Jump to content

  • Log in with Facebook Log in with Twitter Log In with Google      Sign In   
  • Create Account

Subscribe to HRA Now!


Are you a Google Analytics enthusiast?

Share and download Custom Google Analytics Reports, dashboards and advanced segments--for FREE! 




From the folks who brought you High Rankings!


Expert-exchange Law Suit

  • Please log in to reply
3 replies to this topic

#1 1dmf


    Keep Asking, Keep Questioning, Keep Learning

  • Active Members
  • PipPipPipPipPipPipPip
  • 2,167 posts
  • Location:Worthing - England

Posted 21 December 2011 - 07:49 AM

I was looking for some information on our sonic wall, when I saw a removal notice in Google, as curiosity usually wins, I had a quick look at the actual complaint document.

One thing I noticed in the complaint which made me want to ask you guys is can you copyright title tags and keywords?

How can any SEO'er optimise a website for a particular product without using similar/same title tag content that all the other websites targeting the same products / keyphrases are using?

surely no-one can copyright basic sentences like 'cheap car spares' for example?

Obviously I have no idea what this so called copyright infringement involved or if Expert Exchange are simply trying it on.

Here is the court application : http://www.chillinge...ion=image_87223 - it's adobe page 5 / document page 3 , section c

what's your thoughts?

#2 Mikl


    HR 5

  • Active Members
  • PipPipPipPipPip
  • 345 posts
  • Location:Edinburgh, Scotland

Posted 21 December 2011 - 09:23 AM

The answer might vary from country to country. But in general, it's highly unlikely you'd be able to enforce copyright in something like a title tag. Courts usually don't allow copyright in titles of books, poems, films, etc. A web page is no different.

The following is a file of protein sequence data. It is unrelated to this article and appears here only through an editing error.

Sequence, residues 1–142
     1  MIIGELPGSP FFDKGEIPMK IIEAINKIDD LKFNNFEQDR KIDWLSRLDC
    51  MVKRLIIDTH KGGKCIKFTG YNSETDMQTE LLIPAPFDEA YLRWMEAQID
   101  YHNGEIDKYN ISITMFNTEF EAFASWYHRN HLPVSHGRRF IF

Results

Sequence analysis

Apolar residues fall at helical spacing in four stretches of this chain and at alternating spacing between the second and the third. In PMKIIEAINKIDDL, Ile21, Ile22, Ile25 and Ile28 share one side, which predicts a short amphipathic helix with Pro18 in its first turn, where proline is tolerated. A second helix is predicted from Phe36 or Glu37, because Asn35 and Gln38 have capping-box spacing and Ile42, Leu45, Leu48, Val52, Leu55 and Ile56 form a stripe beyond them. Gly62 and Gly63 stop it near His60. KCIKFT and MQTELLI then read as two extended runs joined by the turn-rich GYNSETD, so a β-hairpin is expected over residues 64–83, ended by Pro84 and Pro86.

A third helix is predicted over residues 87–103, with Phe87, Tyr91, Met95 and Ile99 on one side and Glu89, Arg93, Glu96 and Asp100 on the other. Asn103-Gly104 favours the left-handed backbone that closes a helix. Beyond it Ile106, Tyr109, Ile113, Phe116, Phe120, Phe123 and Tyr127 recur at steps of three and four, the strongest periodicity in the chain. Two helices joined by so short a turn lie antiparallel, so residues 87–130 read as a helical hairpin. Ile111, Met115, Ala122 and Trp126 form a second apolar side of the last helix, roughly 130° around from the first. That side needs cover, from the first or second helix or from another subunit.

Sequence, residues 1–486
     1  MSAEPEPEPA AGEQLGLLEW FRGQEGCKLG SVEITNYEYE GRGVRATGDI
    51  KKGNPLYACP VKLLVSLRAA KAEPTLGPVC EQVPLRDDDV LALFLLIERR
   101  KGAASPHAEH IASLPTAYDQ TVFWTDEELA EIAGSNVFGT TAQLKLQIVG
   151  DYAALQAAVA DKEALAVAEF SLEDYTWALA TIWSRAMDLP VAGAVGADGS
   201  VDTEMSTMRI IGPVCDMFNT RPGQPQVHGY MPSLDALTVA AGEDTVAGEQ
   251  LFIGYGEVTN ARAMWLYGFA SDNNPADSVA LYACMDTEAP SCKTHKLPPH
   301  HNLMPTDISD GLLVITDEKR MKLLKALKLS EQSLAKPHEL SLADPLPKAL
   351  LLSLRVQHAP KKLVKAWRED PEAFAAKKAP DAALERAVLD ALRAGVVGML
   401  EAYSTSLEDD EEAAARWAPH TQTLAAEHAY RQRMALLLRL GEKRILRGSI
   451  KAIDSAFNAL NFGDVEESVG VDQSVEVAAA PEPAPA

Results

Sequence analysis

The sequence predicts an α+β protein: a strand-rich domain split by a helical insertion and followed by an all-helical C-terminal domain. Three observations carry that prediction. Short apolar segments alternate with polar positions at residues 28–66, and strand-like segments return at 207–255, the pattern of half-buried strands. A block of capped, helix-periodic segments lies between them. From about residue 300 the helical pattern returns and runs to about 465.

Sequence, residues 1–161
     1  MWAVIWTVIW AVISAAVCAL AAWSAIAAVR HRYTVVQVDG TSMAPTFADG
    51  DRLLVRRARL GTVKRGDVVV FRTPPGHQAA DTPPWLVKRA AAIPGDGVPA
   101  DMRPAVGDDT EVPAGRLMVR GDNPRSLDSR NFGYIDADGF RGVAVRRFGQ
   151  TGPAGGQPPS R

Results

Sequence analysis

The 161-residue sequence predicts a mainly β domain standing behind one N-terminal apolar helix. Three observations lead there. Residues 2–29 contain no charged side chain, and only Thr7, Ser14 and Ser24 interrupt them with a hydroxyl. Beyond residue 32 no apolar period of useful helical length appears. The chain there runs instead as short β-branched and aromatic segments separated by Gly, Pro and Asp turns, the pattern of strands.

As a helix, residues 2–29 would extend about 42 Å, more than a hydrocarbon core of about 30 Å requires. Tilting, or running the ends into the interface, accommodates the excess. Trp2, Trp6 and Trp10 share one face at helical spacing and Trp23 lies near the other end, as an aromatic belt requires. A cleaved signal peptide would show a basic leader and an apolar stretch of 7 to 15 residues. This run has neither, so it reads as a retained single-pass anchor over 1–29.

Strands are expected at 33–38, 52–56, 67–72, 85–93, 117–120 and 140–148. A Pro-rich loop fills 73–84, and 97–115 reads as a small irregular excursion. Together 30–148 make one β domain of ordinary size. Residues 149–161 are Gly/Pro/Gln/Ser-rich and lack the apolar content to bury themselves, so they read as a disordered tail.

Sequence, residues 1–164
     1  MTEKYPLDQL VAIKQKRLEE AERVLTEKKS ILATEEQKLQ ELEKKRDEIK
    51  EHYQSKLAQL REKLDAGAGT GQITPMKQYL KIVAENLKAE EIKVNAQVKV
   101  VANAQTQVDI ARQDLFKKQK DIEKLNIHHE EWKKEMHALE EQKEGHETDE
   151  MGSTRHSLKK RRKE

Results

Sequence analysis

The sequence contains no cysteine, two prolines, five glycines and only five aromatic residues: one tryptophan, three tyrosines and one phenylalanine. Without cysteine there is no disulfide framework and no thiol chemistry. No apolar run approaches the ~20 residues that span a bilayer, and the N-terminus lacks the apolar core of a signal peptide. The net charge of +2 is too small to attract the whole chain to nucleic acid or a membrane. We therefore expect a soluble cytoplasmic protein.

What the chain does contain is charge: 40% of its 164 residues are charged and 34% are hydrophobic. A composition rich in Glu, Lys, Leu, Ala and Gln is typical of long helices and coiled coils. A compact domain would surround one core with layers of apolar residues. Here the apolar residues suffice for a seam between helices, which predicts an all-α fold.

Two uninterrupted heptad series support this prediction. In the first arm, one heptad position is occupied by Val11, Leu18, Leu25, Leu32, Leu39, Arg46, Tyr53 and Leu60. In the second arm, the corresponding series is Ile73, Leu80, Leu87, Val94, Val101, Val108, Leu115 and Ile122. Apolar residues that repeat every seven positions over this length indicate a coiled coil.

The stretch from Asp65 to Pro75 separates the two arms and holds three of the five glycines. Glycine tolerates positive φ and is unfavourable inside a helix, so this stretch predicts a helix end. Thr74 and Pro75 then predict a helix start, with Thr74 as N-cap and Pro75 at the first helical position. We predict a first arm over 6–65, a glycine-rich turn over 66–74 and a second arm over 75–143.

Of course, that won't stop hopeful people from trying to claim such copyright. But if it ever got to court, it would almost certainly fail.

However, having just looked at the court document, it looks like Expert Exchange is not claiming copyright in the title of their site. They appear to be claiming copyright infringement of large chunks of content, not just the title.

That seems like a perfectly valid claim. Whether they'll succeed in using the DMCA against a plaintiff in Viet Nam is another matter.

At least, that's my opinion - which I have absolutely no qualifications to support.


#3 1dmf


    Keep Asking, Keep Questioning, Keep Learning

  • Active Members
  • PipPipPipPipPipPipPip
  • 2,167 posts
  • Location:Worthing - England

Posted 21 December 2011 - 10:36 AM

i appreciate that their entire claim is for copyright infrignment and possible rightfully so, but if you look at the section I pointed out they are clearly including title tags and keyphrases as part of the law suit?

#4 Michael Martinez

Michael Martinez

    HR 10

  • Active Members
  • PipPipPipPipPipPipPipPipPipPip
  • 5,325 posts
  • Location:Georgia

Posted 21 December 2011 - 03:03 PM

I don't think you should construe the complaint as being based on the individual actions listed, but rather on the collective impact of all the actions taken together.

Under current U.S. law you CANNOT acquire a copyright over titles and small phrases. However, page titles and meta tags are constituent parts of Web documents and as such I am sure it is standard legal practice to include them in all proceedings for the sake of completeness.

0 user(s) are reading this topic

0 members, 0 guests, 0 anonymous users

We are now a read-only forum.
No new posts or registrations allowed.